Take the 2-minute tour ×
MathOverflow is a question and answer site for professional mathematicians. It's 100% free, no registration required.

Does there exist a non trivial homomorphism from Thompson's group T to a linear group?

share|improve this question
    
... where a "linear group" is a group of automorphisms of a finite dimensional vector space, or over a finitely generated module? $\:$ In the latter case, what if any, are the restrictions on the ring of scalars? $\;\;\;$ –  Ricky Demer Apr 19 '13 at 4:18
    
By a linear group, I mean $GL_n(\mathbb{R})$. –  Mahdi Teymuri Garakani Apr 19 '13 at 4:31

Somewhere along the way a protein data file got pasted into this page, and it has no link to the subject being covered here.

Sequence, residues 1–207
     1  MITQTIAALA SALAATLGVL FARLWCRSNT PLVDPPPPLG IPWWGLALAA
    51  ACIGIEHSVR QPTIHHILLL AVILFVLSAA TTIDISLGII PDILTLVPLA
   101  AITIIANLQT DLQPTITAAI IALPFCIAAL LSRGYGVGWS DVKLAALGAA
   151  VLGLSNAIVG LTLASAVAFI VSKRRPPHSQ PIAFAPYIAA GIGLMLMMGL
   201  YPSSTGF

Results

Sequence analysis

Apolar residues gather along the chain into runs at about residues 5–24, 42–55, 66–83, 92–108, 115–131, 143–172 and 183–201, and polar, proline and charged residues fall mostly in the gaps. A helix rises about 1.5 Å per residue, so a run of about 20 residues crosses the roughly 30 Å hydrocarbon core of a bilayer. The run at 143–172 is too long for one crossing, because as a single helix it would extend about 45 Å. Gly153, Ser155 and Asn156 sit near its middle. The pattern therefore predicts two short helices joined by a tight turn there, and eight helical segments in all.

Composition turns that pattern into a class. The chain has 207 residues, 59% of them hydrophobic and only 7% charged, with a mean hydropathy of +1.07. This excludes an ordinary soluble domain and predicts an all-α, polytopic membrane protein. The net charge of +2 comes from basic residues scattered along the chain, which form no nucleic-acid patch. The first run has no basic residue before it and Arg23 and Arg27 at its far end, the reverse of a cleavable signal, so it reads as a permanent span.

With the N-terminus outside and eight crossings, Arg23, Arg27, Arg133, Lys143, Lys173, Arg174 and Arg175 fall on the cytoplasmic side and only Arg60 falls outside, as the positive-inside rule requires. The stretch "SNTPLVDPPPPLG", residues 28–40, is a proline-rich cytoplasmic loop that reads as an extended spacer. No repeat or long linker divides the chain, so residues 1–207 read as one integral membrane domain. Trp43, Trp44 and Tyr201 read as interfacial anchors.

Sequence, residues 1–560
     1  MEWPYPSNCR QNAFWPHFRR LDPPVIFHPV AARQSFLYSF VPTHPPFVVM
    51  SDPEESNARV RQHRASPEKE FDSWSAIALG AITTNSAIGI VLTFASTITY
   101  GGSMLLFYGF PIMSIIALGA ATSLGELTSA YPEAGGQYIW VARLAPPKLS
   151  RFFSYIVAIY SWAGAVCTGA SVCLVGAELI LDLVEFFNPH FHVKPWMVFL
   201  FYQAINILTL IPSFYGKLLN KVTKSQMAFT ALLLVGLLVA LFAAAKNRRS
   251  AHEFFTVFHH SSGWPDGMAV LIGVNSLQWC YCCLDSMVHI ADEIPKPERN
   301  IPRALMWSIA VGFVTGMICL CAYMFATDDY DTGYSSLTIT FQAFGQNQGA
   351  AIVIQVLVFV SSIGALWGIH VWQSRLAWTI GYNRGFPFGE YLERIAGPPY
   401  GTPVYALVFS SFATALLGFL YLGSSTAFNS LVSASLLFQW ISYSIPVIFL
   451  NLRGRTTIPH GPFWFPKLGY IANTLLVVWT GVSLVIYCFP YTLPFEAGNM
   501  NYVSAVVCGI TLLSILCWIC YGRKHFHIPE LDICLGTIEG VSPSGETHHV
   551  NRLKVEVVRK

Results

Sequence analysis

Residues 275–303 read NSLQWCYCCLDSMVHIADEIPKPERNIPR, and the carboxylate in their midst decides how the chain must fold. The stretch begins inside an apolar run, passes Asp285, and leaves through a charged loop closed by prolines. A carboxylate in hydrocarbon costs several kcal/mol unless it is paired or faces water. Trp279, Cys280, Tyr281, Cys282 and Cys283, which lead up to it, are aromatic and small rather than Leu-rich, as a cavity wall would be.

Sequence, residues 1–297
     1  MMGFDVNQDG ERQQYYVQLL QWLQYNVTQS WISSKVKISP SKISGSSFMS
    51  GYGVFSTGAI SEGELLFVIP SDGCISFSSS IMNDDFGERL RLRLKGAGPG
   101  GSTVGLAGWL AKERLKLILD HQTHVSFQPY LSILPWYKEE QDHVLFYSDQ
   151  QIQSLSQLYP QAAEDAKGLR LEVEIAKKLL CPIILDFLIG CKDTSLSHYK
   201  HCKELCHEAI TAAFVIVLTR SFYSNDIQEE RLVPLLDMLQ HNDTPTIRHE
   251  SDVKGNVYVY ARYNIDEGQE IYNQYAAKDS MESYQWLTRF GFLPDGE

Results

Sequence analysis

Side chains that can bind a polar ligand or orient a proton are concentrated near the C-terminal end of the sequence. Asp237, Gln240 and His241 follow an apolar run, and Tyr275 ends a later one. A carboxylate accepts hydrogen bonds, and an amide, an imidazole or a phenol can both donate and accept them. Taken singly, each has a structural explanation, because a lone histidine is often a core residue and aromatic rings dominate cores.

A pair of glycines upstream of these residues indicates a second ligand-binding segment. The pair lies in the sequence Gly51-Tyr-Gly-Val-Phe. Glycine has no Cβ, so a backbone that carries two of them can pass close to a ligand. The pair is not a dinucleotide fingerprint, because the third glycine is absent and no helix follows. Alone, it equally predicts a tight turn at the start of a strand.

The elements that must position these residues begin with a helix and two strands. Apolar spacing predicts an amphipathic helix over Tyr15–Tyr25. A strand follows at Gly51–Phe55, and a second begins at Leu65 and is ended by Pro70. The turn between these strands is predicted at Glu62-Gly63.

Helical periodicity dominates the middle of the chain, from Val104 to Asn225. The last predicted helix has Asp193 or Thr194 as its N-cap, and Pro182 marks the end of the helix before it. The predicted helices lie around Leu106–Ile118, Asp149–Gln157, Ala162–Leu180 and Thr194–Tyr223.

2  
Actually, instead of ${\mathbb R}$, you can use any field. –  Misha Apr 19 '13 at 14:00
    
Thanks Misha for the comment. –  Mahdi Teymuri Garakani Apr 19 '13 at 14:42
add comment

1 Answer

up vote 11 down vote accepted

No: T is infinite, finitely presented and simple. Fg linear groups are residually finite, by Mal'cev's theorem. QED.

share|improve this answer
    
Thanks for the answer. –  Mahdi Teymuri Garakani Apr 19 '13 at 14:45
add comment

Your Answer

 
discard

By posting your answer, you agree to the privacy policy and terms of service.

Not the answer you're looking for? Browse other questions tagged or ask your own question.